Trump Schooled For Bragging About His Slightly Tweaked Version Of NAFTA

Trump chief of staff

President Donald Trump took to Twitter to brag about the so-called USMCA trade deal on Friday morning, calling it one of the best trade deals in world history even though it’s basically a slightly tweaked version of NAFTA.

During his trip to the G-20 in Argentina, Trump signed the deal with Canada and Mexico and acted like it was a historical achievement unlike any ever witnessed.

Except that NAFTA still exists.

Trump had repeatedly promised to “rewrite” or scrap NAFTA entirely, referring to it as one of the “worst” trade deals the United States has ever negotiated.

However, despite all his costly tariffs and frequent threats and demands, all he managed to get is minor modifications and a name change.

According to CNBC:

The sweeping agreement includes hundreds of pages, covering thousands of individual products. While the updated provisions will have an impact on the specific companies or industries covered, the updated agreement is expected to have little overall economic impact.

“My expectation all along was that there would be few major changes and NAFTA would go from being one of the worst deals ever to the one of the best,” said Jim O’Sullivan, an economist at High Frequency Economics.

Indeed, Trump basically tweaked NAFTA in a few minor ways and slapped a new name on it that doesn’t exactly roll off the tongue in order to claim that it’s a brand new trade deal.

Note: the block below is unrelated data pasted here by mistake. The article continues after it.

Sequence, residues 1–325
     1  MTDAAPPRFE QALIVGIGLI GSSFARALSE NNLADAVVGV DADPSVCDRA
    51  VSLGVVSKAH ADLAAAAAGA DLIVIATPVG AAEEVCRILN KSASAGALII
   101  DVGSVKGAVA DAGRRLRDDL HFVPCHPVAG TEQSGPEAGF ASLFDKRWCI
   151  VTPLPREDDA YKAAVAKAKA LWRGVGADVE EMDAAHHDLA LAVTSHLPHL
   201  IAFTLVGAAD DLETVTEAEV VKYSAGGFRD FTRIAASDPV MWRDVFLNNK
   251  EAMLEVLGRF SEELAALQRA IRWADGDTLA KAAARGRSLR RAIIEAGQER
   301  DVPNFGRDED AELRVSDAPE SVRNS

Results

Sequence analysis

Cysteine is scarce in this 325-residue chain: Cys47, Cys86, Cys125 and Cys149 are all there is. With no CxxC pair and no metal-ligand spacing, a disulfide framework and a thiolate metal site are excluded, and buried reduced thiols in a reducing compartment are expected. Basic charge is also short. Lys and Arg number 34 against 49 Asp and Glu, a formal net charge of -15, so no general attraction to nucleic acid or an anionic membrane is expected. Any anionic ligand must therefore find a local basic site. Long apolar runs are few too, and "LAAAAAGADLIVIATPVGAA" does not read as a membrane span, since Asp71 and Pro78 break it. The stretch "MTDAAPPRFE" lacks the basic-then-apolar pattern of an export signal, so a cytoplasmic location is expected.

And Twitter users called him out on it.

Even Forbes international trade writer John Brinkley ripped the deal.

[N]o one was surprised when [Trump] said he had turned NAFTA from “the worst trade deal maybe ever signed anywhere” into “a wonderful new trade deal” and “a historic transaction” and “the most important trade deal we’ve ever made, by far.”

That is a more than a little over the top. U.S., Mexican and Canadian negotiators made some significant changes, but the finished product is not a “new trade deal.” It’s an updated NAFTA.

Brinkley went on to point out that new aspects of the deal could cause the price of cars to rise in the United States and Trump’s trade war has already resulted in losses to American dairy farmers that won’t be offset by the new deal.

“In summary, USMCA can be seen, on balance, as an improvement over NAFTA, but not much of one,” he concluded.

It will have no measurable effect on economic growth, job growth or wage growth in the United States. It will have no appreciable effect on the U.S. trade deficit with Mexico. Most important, Trump’s threats against Canada and Mexico and his malign comments about their heads of state during the negotiations pretty well wrecked the United States’ relationship with two of its most important allies.

Basically, Trump got minor modifications and rebranded the deal so he could take credit for it. That’s all.

Plus, the deal still has to be approved by the legislatures of all three nations, and Democrats will control the House when the deal is considered in 2019. And no matter if it passes or not, NAFTA will still exist and Trump will still be a loser who takes credit for things he didn’t have hardly anything to do with.

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